Three-quarters (73 percent) of American drivers now say they would be too afraid to ride in a fully self-driving vehicle, up significantly from 63 percent in late 2017.
Additionally, 63 percent of U.S. adults report they would actually feel less safe sharing the road with a self-driving vehicle while walking or riding a bicycle.
These results are from a new report from the American Automobile Association’s (AAA) multiyear tracking study. They come after a number of reports of incidents involving autonomous vehicle technologies.
One of Uber’s driverless cars killed a pedestrian in Arizona in March. Also in March, a driver of a Tesla Model X died in a crash in California. Last fall, General Motors Co. told California regulators its self-driving vehicles were involved in six crashes in September but said none of the automated vehicles were responsible.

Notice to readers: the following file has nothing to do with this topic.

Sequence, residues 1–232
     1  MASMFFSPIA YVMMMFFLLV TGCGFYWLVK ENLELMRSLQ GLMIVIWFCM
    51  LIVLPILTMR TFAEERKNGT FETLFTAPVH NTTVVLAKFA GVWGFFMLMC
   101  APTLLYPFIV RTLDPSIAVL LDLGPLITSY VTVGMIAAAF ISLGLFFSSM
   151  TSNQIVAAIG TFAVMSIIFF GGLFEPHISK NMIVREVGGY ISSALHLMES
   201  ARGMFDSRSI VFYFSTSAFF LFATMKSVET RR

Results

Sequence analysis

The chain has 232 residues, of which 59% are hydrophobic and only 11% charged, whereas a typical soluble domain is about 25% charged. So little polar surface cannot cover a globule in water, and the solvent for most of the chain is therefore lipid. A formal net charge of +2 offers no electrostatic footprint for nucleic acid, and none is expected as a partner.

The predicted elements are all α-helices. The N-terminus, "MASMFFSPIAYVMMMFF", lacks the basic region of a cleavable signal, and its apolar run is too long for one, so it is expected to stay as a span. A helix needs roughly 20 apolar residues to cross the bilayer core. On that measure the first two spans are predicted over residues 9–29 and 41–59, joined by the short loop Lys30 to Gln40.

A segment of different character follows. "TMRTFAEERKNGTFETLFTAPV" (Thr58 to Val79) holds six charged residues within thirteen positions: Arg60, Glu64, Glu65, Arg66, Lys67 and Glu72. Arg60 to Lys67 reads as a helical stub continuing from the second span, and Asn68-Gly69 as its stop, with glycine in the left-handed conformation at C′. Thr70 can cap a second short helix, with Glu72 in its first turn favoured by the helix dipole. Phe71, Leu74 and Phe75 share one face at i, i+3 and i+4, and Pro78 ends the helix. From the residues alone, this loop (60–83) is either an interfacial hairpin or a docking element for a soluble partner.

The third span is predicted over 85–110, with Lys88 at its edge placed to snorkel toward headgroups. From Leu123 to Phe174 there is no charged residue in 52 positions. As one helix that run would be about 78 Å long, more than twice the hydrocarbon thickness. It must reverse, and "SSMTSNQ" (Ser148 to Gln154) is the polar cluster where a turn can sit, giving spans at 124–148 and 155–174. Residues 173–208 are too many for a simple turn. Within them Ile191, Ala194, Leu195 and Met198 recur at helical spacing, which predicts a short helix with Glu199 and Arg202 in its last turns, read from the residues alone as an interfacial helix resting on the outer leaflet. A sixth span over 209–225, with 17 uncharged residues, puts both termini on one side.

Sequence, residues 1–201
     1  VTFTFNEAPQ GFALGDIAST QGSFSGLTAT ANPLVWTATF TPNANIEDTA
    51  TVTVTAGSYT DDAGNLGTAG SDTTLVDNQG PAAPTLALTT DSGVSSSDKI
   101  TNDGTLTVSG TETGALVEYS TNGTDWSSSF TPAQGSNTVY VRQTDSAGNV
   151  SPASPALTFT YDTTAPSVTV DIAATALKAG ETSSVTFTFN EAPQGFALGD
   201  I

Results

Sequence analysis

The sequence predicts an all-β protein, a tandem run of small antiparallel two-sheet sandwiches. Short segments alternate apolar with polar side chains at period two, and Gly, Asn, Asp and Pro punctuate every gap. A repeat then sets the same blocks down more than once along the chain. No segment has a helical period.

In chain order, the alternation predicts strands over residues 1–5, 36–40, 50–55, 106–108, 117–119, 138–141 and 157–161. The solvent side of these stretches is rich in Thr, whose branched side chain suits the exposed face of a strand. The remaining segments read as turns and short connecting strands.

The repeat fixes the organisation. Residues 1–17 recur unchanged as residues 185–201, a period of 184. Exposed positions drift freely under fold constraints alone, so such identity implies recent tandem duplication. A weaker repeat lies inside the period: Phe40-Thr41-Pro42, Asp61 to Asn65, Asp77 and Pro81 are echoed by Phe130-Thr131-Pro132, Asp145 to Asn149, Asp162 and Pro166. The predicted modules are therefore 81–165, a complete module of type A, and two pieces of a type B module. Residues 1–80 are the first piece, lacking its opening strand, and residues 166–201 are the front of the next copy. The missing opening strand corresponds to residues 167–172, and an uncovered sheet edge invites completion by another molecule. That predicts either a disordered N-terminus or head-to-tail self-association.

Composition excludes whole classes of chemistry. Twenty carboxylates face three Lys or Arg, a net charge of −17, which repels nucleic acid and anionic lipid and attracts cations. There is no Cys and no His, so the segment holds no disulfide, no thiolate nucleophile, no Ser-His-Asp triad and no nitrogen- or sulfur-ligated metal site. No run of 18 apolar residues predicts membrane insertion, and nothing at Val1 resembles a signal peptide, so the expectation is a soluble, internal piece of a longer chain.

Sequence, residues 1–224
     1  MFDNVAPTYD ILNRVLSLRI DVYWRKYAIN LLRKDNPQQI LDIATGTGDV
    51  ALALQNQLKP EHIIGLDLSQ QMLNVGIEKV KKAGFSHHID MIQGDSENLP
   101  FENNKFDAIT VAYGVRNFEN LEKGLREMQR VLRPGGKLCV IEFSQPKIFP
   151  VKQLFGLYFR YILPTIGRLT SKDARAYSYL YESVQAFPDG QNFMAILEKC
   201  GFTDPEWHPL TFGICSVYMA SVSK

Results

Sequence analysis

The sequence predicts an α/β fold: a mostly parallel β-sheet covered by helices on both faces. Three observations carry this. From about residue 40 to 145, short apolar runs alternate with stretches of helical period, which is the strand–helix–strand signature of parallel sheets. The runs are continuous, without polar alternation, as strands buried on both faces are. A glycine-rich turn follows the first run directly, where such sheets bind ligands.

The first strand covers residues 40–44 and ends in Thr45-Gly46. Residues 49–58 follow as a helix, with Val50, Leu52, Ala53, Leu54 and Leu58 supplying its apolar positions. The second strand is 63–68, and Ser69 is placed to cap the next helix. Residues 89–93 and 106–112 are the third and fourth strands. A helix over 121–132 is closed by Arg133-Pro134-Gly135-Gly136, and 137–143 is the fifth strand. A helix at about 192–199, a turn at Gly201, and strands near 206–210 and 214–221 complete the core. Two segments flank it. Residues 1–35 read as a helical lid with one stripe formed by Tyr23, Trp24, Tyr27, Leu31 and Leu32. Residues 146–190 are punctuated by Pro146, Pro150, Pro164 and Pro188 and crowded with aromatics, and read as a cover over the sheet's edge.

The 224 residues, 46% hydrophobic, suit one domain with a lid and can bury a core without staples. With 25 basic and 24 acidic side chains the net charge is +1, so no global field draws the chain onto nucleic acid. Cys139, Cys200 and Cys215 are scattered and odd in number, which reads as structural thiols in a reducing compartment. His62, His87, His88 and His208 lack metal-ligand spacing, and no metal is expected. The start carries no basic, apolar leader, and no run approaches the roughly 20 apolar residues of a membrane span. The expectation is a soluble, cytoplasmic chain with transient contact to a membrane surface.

“Despite their potential to make our roads safer in the long run, consumers have high expectations for safety,” said Greg Brannon, AAA’s director of Automotive Engineering and Industry Relations. “Our results show that any incident involving an autonomous vehicle is likely to shake consumer trust, which is a critical component to the widespread acceptance of autonomous vehicles.”
Perhaps surprisingly, AAA’s latest survey found that millennials—those born in the 1980s and 1990s—appear to have changed their views the most in the wake of recent accidents. The percentage of millennial drivers too afraid to ride in a fully self-driving vehicle jumped from 49 percent to 64 percent since late 2017, representing the largest increase of any generation surveyed.
AAA said it supports thorough testing of automated vehicle technologies as they continue to evolve, along wth a “common sense, common nomenclature and classification system, and similar performance characteristics” of future autonomous vehicle technologies.
“There are sometimes dozens of different marketing names for today’s safety systems,” said Brannon. “Learning how to operate a vehicle equipped with semi-autonomous technology is challenging enough without having to decipher the equipment list and corresponding level of autonomy.”
(*This story ran previously in our sister publication Insurance Journal. )